Your January 13 article, “After Decades, Cuba Eases Travel Rules to Maintain Ties,” overlooked one of the most important aspects of these reforms: their parallels with patterns of U.S. immigration reform now under discussion in Washington. The Cuban government’s decision to ease travel restrictions took effect simultaneously with an announcement by U.S. President Obama in which he declared his intention to push for a comprehensive immigration reform bill which promises to promote new pathways to citizenship for immigrants. Obama’s push for immigration reform should be seen as highly complementary to Cuba’s most recent moves and both have been praised by growing numbers as realistic and progressive. It is important to recognize these new immigration reforms, both in Cuba and the United States, in the context of a bilateral movement toward ending the cold war tensions that are now entirely superfluous.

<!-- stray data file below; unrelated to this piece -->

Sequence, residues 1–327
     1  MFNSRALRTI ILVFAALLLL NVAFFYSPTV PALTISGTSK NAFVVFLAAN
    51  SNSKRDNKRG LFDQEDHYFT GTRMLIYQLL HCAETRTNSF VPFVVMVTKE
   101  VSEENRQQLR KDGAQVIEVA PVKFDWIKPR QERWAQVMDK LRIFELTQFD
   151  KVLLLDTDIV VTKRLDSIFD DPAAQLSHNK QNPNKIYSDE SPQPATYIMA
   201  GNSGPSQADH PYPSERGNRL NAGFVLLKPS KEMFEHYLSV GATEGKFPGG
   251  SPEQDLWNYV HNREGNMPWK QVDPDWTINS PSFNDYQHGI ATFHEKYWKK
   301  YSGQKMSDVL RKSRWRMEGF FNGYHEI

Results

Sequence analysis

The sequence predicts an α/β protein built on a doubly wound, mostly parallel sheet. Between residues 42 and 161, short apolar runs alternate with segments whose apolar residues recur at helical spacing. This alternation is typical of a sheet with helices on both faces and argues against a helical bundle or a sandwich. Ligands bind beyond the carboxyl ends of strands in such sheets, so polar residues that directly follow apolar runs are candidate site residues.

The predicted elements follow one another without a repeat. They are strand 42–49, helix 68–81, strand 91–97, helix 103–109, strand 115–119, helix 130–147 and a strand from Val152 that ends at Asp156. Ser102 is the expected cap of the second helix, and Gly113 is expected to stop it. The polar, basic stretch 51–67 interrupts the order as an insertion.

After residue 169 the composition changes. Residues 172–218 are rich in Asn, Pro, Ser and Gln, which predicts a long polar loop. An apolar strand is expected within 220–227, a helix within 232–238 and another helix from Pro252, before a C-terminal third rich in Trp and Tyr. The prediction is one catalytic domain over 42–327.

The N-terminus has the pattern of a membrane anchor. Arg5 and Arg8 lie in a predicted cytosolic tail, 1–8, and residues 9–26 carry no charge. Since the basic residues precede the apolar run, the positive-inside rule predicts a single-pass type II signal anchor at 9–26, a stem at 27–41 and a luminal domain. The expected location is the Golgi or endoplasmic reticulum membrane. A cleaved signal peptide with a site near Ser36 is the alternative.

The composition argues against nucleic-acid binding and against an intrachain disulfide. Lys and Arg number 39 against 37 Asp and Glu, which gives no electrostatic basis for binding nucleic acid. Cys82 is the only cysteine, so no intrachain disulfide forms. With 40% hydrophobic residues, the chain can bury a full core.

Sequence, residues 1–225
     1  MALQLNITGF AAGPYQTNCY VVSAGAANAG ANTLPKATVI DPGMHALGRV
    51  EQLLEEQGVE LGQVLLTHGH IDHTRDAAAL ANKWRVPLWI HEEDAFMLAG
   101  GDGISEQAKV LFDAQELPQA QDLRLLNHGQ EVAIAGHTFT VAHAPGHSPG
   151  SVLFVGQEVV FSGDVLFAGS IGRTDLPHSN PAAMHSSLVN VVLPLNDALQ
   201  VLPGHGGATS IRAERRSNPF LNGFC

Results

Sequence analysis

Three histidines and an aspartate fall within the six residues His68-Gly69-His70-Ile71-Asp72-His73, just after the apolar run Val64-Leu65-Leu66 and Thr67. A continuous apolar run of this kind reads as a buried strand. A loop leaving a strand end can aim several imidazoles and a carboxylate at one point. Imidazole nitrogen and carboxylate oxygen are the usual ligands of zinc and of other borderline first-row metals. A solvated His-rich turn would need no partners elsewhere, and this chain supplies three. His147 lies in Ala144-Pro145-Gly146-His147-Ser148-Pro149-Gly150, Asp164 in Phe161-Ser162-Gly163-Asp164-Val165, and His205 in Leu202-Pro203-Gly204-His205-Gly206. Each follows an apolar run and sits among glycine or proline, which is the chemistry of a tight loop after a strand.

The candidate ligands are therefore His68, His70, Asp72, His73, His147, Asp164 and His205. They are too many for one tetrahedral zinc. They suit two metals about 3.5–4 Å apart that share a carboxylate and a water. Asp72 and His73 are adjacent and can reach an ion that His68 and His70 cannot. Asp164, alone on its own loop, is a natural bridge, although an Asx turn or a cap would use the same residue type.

Erik Svedberg, Research Associate at the Council on Hemispheric Affairs
In response to The New York Times: After Decades, Cuba Eases Travel Rules to Maintain Ties
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